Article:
Friday, January 26, 2007

The Debt Crisis of the 21st Century

Debt has become a major issue in the beginning of the 21st century. Today it is the year 2007 and only the past 5 years have I begun noticing that debt is becoming more and more problematic. Bankruptcies filing has been all time high, debt amounts continue to grow every year, and home foreclosures are increasing. Ever year, since 2002 bankruptcy filings continue to break a new record. In 2005, 1.8 million people filed for bankruptcy, setting a new record. I don't know how many people filed for 2006. I wonder how can this happen? America is suppose to be the most educated country in the world, and yet many of us make bad decisions or don't know how to say "no" to these so-called professionals who are trying to sell you something.

1) The Mortgage Industry

When the prices of home plumeted after 2001, many Americans started buying homes. The problem was that many people don't know the different types of mortgages out there and I bet most homeowners today really don't know what kind of mortage they have right now. They think its a fix rate mortgage, but if a mortgage specialist look at it, it may be something else. Do you have fix rate mortgage or adjustable rate mortgage or maybe its an interest-only mortgage? You don't know since they all look the same until you get your next statement that shows a larger mortgage payment than usual. When your mortgage payments start to increase, most people can't afford to pay it. According to, adjustable rate mortgages accounts for 11% of all total outstanding mortgage debt (Sept 6 2006). Over the next 5 years, about one million people could lose their homes through foreclosures. Take a look at this, if you are paying $1500/month on a mortgage and then next month your mortgage payment jumped to $1700/month, will you be able to pay for it? What if it increases again to $1900/month? Most people can't afford an increase in mortgage payment. The best way out is maybe to refinance into a fix-rate mortgage. Refinancing is a difficult task for the lender and you may or may not qualify to refinance with them. Plus, there will be fees involved to refinance. Some lenders include the fee within the loan so that you don't have to pay it upfront. So, if you are going to buy a home, buy a home that you can realistically afford and always get a fix-rate mortgage. That way you can manage your finance better without the need to guess what is your next mortgage payment is going to be.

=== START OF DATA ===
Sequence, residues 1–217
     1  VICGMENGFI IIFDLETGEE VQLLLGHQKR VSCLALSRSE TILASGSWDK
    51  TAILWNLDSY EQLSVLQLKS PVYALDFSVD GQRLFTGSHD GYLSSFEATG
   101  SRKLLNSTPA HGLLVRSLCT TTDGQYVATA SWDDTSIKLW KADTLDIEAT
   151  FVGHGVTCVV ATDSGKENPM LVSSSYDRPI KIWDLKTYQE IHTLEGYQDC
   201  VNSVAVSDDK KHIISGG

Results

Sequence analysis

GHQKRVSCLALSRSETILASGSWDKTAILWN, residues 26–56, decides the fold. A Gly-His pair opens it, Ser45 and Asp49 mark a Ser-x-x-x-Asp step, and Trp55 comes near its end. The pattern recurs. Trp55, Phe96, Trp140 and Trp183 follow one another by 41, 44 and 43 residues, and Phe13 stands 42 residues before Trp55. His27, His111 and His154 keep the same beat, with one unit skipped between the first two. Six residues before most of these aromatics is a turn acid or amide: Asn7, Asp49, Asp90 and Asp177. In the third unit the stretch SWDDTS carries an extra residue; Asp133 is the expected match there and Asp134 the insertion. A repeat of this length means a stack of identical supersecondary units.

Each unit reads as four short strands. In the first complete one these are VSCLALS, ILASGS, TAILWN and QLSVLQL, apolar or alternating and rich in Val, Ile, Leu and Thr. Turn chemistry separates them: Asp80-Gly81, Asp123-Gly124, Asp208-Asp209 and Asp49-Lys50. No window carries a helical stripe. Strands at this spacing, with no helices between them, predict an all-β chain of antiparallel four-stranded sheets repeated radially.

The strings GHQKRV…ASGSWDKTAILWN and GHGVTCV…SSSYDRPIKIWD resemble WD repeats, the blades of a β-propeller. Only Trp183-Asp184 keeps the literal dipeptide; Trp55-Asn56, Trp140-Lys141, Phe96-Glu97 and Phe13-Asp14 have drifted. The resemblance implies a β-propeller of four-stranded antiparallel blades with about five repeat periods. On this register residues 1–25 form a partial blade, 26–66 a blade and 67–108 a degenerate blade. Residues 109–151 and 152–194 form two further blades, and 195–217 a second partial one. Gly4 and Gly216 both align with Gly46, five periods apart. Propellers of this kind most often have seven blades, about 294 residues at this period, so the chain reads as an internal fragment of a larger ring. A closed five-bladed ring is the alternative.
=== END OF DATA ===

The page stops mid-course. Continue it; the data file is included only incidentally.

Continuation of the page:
*UPDATE 2-12-2007* According to Realtytrac Inc, foreclosures has increased by 25% in January 2007 over January 2006. Total number of homes that were foreclosed in January 2007 was 130,511.
*UPDATE 3-13-2007* According to CBS Market Watch, in the 4th quarter of 2006, delinquency rates (people falling behind their mortgage payments) increased from 4.67% to 4.97%. Foreclosure rates (people who are force to close their homes) increased from 3.86% to 4.53%.
*UPDATE 4-29-2008* According to Associate Press, number of US homes facing foreclosure jumped 112% in first quarter over 2007. Nationwide, 649,917 homes received at least one foreclosure-related filing in the first three months of the year, up 112 percent from 306,722 during the same period last year, RealtyTrac said.
*March 15, 2010: CBS "60 Minutes" Author Michael Lewis on Wall St's Delusion

2) Credit cards